Commentaries - August 2007
My new book, Counter-revolution of the Word: The Conservative Attack on Modern Poetry, 1945-60 is being published by the University of North Carolina Press in November or December. Here's an early response from Alan Wald, author of The New York Intellectuals and many other books:
Counter-revolution of the Word is a magnificent feat of archival research, sensitive to ironic and contrary strains within adversarial political and cultural camps. Alan Filreis brilliantly troubles all previous narratives of the fate of modern U.S. poetry in the Cold War era by vivifying forgotten poems, reviews, and scholarly books, as well as scrutinizing literary debates, correspondence, and thwarted careers. This is a rare, distinctive and landmark model of original scholarship that dialogically addresses major as well as minor writers with wit and a personal voice.
I've been away (in the mountains) without newspapers and with little in the way of internet connectivity, so the sad news of Grace Paley's passing came to me late and indirectly. Very sad, indeed. She wrote her stories very slowly but those of us who awaited them learned to be patient. The new one almost inevitably seemed a part of a whole relevant fiction--a world. The Little Disturbances of Man in the late 50s, Enormous Changes at the Last Minute in the early 70s, and finally Later the Same Day in '85. There were other stories--and poems--after that but these three formed the whole I mean. Each story rewarded separate interest but together they were a life of love, personal flaws and self-criticism, and passionate ethical commitments.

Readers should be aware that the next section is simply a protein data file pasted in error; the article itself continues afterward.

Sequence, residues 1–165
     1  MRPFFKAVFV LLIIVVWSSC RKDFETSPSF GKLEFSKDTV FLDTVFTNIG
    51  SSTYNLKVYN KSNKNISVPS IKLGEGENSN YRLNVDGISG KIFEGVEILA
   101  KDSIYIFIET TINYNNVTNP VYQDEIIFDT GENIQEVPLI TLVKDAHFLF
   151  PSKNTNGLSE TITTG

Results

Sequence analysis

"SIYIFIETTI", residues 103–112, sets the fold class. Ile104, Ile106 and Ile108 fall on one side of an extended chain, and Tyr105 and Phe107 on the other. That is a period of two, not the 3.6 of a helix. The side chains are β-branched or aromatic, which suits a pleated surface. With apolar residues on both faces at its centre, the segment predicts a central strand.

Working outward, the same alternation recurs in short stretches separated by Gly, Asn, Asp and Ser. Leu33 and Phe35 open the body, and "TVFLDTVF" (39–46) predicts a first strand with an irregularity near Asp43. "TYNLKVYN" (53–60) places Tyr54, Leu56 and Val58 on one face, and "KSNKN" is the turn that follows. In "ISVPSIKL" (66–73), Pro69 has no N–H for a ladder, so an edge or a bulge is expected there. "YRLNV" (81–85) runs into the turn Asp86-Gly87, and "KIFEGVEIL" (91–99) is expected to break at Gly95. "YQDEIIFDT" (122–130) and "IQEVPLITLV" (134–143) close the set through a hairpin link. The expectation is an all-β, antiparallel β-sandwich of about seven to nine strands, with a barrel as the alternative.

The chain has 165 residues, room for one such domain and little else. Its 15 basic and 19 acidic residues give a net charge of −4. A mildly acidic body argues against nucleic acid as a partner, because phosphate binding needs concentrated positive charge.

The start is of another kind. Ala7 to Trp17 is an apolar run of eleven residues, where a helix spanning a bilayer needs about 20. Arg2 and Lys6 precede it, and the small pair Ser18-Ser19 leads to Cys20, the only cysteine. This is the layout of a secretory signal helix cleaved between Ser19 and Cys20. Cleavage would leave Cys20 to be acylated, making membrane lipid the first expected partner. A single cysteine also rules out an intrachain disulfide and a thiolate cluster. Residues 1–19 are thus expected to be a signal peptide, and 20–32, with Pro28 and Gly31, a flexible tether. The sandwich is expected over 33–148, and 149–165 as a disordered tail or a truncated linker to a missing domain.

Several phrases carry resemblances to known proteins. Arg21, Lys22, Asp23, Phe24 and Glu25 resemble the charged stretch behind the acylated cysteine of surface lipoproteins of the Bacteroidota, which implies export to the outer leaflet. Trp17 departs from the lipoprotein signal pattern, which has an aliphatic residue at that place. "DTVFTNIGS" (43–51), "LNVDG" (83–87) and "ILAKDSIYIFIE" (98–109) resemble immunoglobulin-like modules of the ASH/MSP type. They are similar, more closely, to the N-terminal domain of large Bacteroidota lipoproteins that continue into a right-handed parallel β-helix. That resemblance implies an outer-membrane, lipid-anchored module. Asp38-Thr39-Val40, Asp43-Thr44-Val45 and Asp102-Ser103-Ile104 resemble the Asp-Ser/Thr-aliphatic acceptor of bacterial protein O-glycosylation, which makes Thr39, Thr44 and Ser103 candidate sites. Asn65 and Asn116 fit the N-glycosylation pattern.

I had taught Grace's stories since the early 80s when in 1999 I created "the Writers House Fellows"--a program whereby, each spring, I've hosted visits of eminent writers at the Writers House. For the year 2000, I invited John Edgar Wideman, Robert Creeley, as well as Grace. What a line-up.
Grace's visit was perfect. The students loved her and she loved the Writers House. Well, nearly perfect. There was one problem.
As Grace and I walked through the garden (such as it was then) into the back door of the House, she missed the step up and fell - hitting her forehead on the ground. She immediately cried out as one of her characters would: "I'm dead! I've died! Where am I?" and turned to me: "Are you real? I'm dead, aren't I? Oh my, oh my, oh my, my head hurts!" I brought her into office 109 and we sat there with Kerry and that year's Fellows coordinator, Adam Kaufman. We asked her what she needed. She said, "Do you have a bag of frozen peas?" We did! She put that bag on the bruised forehead and sat some more. We had maybe 20 minutes before the interview/discussion/live webcast was to start. She and I had gotten along beautifully the day before--during the class and the dinner. But now she suspected I was a dangerous official, pushing his guest to embrace his "show must go on" ideology, and she began to like Adam more and more. If
Adam left the room, Grace would call out, "Adam? Adam? Where's Adam?" Finally Adam persuaded her to let him escort her through the kitchen, dining room, living room and into the Arts Cafe. I went ahead and was waiting for her when she arrived and sat down in the comfy chair we had waiting for her, whereupon she turned to me and whispered: "Okay. I'm ready."
If you watch the video recording of the Tuesday morning interview, you'll notice two things: first, that Grace was superb--witty, ascerbic, political and completely responsive to my questions; second, that she spends some of the time holding a bag of peas to her forehead: writing.upenn.edu/~whfellow/paley.html.
A member of the Writers House community--who in those days was our chef for Fellows visits--remembers Grace this way: